WaPo’s Richard Cohen starts his latest piece by saying that he “loves” all of his readers. He then launches into a sermon about how we are a nation of phonies because we drop formalities or, as Cohen writes, we’ve “done away with the intermediary steps of feelings less than love.” He says it’s not enough to like someone or “hold them in some esteem.”
While I eventually found myself agreeing with Cohen, he got off to a weird start when he writes that “this all started some years back” when he called an airline company and a woman introduced herself using only her first name. Then, things get a little weird.
“An agent answered the phone and said, ‘Hello, this is Debbie.’ Not Miss Smith or Mrs. Smith. Debbie. What was I to say? Could I say, ‘Hi, Debbie, this is Mr. Cohen.’ Nosiree. Informal must be met by informal. ‘Hi, Debbie,’ I found myself saying, ‘This is . . . ,’ I paused. Should I say Richie? How about Dickie? I stuck to just a shred of formality: ‘Richard.’ What made it worse was the suspicion that ‘Debbie’ was not Debbie at all, that it was her nom de phone. But I was, then and forever more, Richard.”
We’ve all had those customer service phone calls where people introduce themselves by their first name, where they are not allowed to give their last name, but has anyone ever been uncomfortable about it? I haven’t, but I’m not a paranoid maniac.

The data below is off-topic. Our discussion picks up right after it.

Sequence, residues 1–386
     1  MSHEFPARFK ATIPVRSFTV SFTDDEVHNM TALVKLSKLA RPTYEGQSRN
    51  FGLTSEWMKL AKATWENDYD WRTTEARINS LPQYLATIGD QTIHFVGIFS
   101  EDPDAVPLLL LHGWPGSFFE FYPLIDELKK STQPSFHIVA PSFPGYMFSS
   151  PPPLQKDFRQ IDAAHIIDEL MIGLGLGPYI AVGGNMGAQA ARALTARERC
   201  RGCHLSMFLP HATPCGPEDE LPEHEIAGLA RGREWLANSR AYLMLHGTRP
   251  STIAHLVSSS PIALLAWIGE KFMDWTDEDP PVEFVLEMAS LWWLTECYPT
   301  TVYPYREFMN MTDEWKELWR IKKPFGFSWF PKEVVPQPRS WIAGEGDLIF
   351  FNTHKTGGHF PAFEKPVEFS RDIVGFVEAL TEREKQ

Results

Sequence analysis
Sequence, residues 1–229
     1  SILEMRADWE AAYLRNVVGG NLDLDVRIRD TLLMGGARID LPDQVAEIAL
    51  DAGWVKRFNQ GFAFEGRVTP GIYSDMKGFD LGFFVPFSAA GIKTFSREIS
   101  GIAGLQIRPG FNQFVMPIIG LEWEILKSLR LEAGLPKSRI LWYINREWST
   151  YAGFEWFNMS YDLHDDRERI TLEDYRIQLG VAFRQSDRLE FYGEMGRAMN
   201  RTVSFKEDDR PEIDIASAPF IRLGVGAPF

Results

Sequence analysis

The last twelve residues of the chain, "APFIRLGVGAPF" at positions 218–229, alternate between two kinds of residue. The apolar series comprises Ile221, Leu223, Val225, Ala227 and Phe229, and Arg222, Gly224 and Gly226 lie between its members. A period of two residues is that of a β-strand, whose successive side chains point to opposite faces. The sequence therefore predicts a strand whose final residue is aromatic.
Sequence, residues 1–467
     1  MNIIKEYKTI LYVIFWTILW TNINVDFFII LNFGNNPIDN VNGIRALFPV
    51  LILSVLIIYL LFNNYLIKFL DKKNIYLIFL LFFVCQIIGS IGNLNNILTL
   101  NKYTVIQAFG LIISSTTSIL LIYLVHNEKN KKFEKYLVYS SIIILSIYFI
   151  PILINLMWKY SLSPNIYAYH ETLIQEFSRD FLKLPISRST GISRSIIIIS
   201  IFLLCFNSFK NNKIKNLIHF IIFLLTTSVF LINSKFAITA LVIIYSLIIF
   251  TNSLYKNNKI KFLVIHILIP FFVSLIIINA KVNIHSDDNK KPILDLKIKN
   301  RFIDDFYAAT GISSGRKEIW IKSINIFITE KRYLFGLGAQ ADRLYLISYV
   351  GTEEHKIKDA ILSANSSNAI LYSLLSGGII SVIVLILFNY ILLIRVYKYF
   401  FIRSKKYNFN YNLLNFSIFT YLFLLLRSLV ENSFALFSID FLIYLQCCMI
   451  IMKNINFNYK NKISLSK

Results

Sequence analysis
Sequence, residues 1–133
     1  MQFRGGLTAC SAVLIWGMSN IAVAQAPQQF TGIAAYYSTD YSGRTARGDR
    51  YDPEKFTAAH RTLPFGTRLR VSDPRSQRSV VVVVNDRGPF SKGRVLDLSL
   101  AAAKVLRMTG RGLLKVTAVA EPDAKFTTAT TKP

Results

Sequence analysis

After that episode, Cohen actually starts making more sense. He writes that everyone wants to HUG these days.
“Now you get hugged and have to hug in return. People I have just met for dinner hug me when it’s over. I liked the handshake. It was manly: Be firm, look the other guy in the eye. This is what I was taught as a kid, and I was taught, further, that you could take a man’s measure by his handshake.”
There are no words for the first time that someone you barely know wraps their hooks around your neck like you’re old friends. Plus, after it happens once, you’re on a permanent “hug” status with that person. It’s hugs EVERY time you see them from there on out.
Are we becoming a nation of phonies? Probably. And in a town like Washington where a “friend source” is real and rampant, most of us can relate. But, maybe Mr. Cohen can lay off the paranoia a little bit. I don’t think there are a lot of men who are itching to give him hugs and kisses just to make him uncomfortable. When it comes to how friendly you should be with someone, I rely on what my grandmother once told me: “Don’t bro me if you don’t know me.”